Ken Griffey Jr. is undoubtedly one of the most exciting players to play the game of baseball and one of the game's greatest. (Image Credit: Mark J. Rebilas-USA TODAY Sports)

Starting Lineup: Angels’ Dwindling Playoff Hopes, Chatting with LoMo

Twenty five players have hit 500+ home runs in their careers, a very unique group that share something special from their respective Major League careers. Only one of them is still considered active – Alex Rodriguez, who’s stuck at 647 career home runs considering he’s been injured and inactive all season long. Albert Pujols very well may the next to join the exclusive club, as he leads all other active players with 484.

Eight years ago today, baseball saw something even more unique, as three members of this exclusive club all played on the same field together – the largest collection of 500+ home run hitters to appear in one game together (non All Star games, of course).

On June 10, 2005 the Baltimore Orioles found themselves facing the Cincinnati Reds in an interleague matchup. Baltimore would end up winning the game by a score of 4-3, thanks largely to a three run outburst in the 3rd inning that put them ahead early. The Orioles lineup featured a pair of 500+ home run hitters in first baseman Rafael Palmeiro and right fielder Sammy Sosa – both on the tail ends of their respective careers. Across the diamond with the Reds was another member of the club, center fielder Ken Griffey Jr. – who actually homered in the game, the 511th of his career.

Expectations were high in Los Angeles heading into the season, both for the Dodgers and the Angels. Each team spent big, believing that they’d not only built a roster that could compete in 2013 but one that could be competitive for years to come. And yet, each team has been a disappointment.

While optimism may remain on some fronts, there are some segments of each team’s respective fanbases that have clearly come to accept the fact that the playoffs just simply in the cards this year. In the case of Saxon Baird at Halo Hangout, however, the playoffs aren’t in the picture for the Angels in the next four years. His realization is due to a combination of factors – long term contracts, increasing age, and a weak farm system. Baird ultimately thinks that it’s also a detriment that the team remains in what he calls “constant contender mode”. We’ll let him explain:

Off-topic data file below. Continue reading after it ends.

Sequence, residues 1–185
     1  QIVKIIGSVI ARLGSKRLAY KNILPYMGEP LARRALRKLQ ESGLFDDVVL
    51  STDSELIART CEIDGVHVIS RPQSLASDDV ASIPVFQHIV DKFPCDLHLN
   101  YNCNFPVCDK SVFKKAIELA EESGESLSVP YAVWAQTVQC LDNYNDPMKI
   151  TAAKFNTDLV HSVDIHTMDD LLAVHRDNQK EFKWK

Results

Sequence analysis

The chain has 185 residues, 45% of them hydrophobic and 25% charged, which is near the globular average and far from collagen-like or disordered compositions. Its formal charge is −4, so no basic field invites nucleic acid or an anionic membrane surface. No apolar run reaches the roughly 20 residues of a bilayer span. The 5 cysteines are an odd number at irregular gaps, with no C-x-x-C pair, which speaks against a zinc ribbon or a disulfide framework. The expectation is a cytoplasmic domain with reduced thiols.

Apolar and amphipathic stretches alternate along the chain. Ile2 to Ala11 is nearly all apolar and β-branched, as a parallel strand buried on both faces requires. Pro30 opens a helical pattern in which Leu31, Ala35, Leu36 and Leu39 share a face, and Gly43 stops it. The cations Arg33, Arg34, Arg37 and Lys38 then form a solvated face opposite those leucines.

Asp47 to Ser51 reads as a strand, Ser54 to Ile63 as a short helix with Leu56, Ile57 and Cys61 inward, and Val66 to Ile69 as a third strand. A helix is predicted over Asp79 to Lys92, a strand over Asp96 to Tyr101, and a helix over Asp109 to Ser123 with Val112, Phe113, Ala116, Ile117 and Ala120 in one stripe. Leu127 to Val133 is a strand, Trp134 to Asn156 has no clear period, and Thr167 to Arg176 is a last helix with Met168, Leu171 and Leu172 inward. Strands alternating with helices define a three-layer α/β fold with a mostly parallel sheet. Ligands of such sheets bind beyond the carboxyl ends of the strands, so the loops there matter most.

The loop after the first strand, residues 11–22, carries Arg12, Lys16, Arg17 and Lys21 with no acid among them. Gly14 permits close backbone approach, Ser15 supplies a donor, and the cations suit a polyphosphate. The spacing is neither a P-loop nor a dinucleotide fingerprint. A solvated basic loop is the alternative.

Even when the odds of making the playoffs have seemed slim at the trade deadline in past years, the Angels refuse to become sellers. Instead, the front office has remained in “constant contender mode.” regardless of their 2013 season results, this approach seems likely to continue. A terrible win-loss record is one thing but once you start trading big name players, you’ve raised the white flag and the fans stop coming to the ballpark. Even in a lousy season, there are reasons to come the games when big name players are on your roster. Weaver can still throw a gem, Trout can still make a spectacular catch and Pujols or Trumbo can still hit a monster home run. When those players are traded, then the reasons to attend a game become few and far between. Look at the Marlins and the Astros attendance as an example.

Interviews are usually left up to the national writers, particularly the in-person opportunities, but every once in awhile one of our gets a unique chance. Such an event took place just this past week, as Ehsan Kassim at Marlin Maniac was able to corner Logan Morrison for a few minutes following one of his latest rehab games with the Jacksonville Suns. The pair talked about returning from injury, Twitter, and the Marlins future pipeline of prospects.

Tags: Los Angeles Angels Miami Marlins

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